The Telegraph
Since 1st March, 1999
Email This Page
Informed to understand
- Document

Although most adults do not naturally think of working in collaboration with children, many have been convinced of the value of doing so, whether by public-education campaigns or more specific training. Those who live and work most closely with children — parents, teachers, playworkers — are often the first to change their mindset. But so are other adults who might traditionally have been thought to have little connection with children, such as health workers and town planners...

In the United States of America, the Child Life Council brings together professionals working in health care who are committed to reducing the stress and trauma for children in clinics and hospitals. What is unique about the council is that they have a rigorous system of testing and qualifying health professionals in order to better work with children. The philosophy and practice of the council have an underlying meaning: relating and listening to children is not “child’s play”, but is an essential attribute for which practitioners should study and be qualified.

One example of how adults can be re-trained is in Calcutta, India, where a Child-Friendly Police Initiative, in place since 1998, has so far engaged 42 city police stations. Police officers attend courses aimed at sensitizing them to the rights of deprived children and juvenile offenders and developing links with social welfare and protection services. The police, with support from Rotary International, host health clinics in their stations...

A similar UNICEF-supported initiative has been meeting with success in the southern city of Bangalore in India. Here police and street children are brought together in training sessions that look at child rights and at how to cope with difficult circumstances. So far, 1,700 officers have been trained and five police stations have been given a child-friendly award...

In Calcutta, India, a citywide programme of action brings together major agencies committed to protecting and providing basic services for deprived urban children — including those who are working or homeless...Because there are not enough schools for all these children, the city is creating 700 primary education centres, which will be managed by NGOs and run by young people specially trained as “barefoot teachers”...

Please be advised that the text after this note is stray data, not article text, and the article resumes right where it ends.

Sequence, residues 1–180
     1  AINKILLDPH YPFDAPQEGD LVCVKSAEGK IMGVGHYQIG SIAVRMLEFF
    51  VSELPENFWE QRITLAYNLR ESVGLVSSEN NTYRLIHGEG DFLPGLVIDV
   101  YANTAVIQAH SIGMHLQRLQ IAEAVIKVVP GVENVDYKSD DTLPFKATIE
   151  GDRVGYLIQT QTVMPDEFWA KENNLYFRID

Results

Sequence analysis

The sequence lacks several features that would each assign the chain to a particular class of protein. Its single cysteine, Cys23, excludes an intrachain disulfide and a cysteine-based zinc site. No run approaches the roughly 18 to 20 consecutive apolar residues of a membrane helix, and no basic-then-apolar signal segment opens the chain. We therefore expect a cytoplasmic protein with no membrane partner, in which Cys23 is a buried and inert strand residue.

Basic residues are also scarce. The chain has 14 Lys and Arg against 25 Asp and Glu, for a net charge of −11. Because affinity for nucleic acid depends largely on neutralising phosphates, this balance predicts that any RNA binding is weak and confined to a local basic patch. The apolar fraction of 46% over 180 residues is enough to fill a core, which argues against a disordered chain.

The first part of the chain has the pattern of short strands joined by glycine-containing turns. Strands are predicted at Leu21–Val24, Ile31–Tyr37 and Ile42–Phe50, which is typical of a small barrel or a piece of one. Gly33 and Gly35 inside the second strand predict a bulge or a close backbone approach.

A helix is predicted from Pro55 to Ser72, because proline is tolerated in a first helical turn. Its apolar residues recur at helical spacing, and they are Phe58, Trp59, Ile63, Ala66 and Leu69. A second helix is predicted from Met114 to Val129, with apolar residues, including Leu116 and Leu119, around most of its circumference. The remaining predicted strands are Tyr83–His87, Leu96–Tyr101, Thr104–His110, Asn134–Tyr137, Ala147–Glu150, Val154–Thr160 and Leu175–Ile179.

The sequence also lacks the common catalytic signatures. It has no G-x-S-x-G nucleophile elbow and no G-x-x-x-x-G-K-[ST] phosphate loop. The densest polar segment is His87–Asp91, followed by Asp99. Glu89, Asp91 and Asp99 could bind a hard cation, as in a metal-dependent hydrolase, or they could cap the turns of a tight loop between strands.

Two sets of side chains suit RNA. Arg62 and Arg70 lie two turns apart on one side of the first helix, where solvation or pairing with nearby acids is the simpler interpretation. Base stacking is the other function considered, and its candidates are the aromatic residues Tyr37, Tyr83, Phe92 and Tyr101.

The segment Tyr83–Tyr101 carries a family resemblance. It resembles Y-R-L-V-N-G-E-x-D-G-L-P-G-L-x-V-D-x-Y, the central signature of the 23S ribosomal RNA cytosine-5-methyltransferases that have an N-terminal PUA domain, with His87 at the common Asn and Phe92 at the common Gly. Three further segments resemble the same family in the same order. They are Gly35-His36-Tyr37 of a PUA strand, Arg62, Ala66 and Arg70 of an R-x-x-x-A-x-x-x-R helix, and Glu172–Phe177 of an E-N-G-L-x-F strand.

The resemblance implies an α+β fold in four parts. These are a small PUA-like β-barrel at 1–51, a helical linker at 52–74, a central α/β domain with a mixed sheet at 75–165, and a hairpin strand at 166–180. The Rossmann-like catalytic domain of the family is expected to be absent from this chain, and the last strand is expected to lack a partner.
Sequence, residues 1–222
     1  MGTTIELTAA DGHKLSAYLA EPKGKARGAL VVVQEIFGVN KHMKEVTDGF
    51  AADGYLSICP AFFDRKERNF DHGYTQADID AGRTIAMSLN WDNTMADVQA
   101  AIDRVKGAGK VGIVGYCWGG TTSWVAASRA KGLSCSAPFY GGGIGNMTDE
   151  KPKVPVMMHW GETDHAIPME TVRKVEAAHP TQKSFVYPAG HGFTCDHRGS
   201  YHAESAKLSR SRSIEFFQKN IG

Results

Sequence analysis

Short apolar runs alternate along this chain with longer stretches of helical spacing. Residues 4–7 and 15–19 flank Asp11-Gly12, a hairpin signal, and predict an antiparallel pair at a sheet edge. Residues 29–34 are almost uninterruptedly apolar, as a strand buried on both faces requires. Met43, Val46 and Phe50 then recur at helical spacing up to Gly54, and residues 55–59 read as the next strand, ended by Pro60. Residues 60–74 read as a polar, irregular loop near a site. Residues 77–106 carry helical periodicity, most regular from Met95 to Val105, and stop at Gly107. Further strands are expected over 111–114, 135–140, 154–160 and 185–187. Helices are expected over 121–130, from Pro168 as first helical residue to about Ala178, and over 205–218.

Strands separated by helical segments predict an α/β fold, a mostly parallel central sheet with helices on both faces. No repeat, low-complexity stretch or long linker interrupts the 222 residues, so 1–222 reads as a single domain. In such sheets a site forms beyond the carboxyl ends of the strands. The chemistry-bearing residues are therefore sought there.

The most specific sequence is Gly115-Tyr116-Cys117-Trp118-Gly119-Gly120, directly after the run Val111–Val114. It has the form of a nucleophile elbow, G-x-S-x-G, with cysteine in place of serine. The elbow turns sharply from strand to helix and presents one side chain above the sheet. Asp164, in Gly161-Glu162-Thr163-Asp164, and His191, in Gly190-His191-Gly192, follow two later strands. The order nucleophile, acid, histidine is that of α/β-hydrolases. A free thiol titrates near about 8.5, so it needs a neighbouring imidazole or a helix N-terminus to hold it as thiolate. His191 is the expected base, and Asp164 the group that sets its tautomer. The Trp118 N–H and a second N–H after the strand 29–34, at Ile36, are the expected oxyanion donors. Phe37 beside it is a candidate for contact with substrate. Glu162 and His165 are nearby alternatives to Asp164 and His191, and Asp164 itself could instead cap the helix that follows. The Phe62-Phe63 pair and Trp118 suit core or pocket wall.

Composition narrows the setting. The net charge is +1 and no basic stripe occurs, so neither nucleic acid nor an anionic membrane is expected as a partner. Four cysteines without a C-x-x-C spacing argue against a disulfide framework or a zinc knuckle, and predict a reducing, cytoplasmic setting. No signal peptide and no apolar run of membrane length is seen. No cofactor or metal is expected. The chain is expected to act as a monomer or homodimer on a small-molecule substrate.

Optimizing children’s participation involves a redrawing of the adult world. It entails adults listening to and making space for what children suggest. It means children being encouraged to develop and refine their competencies and put democratic values into practice. It depends on adults sharing control, power, decision-making and information.

But what likelihood is there that the adult world is ready to embrace the ideal of child participation and further take into account the views of children' Better than it was — but not as good as it needs to be. Children suffer from discrimination simply because they are children. Proof of this is found in the fact that in many countries it remains legal to hit children. The belief that “smacking” is an integral, even essential, part of parental disciplining of children remains widespread...

If children are to have a voice, they need access to information that is both timely and understandable to their particular intellectual stage of development. Children seek information from the moment that they are born. The purpose of early stimulation is to encourage a child’s mind to build the mechanisms for integrating signals received from birth and to help “hard wire” the ability to learn into the brain at an early age. Furthermore, the educational process aims to provide the child with the information to understand, manipulate and participate in his or her environment.

Access to information is a matter of survival in many situations, most urgently today in the midst of the HIV/AIDS pandemic. Misconceptions and ignorance about the disease are widespread among young people. The misconceptions vary from one culture to another, and particular rumours gain currency in some populations both on how HIV is spread...and how it can be avoided...

In the midst of this pandemic, a basic education of good quality for all children — one that offers sound information about sexuality and HIV, builds self-esteem and decision-making skills and gives children the information they need to protect themselves — is essential to save lives endangered by the ignorance and fear that surround the disease.

Perhaps the most important aspect of access to information is how it empowers those who have it. Access to information informs the entire developmental process protected by the convention and is a critical factor in both the personal development of a child into adulthood, as well as for the social development of that child into full membership in his or her community.

Email This Page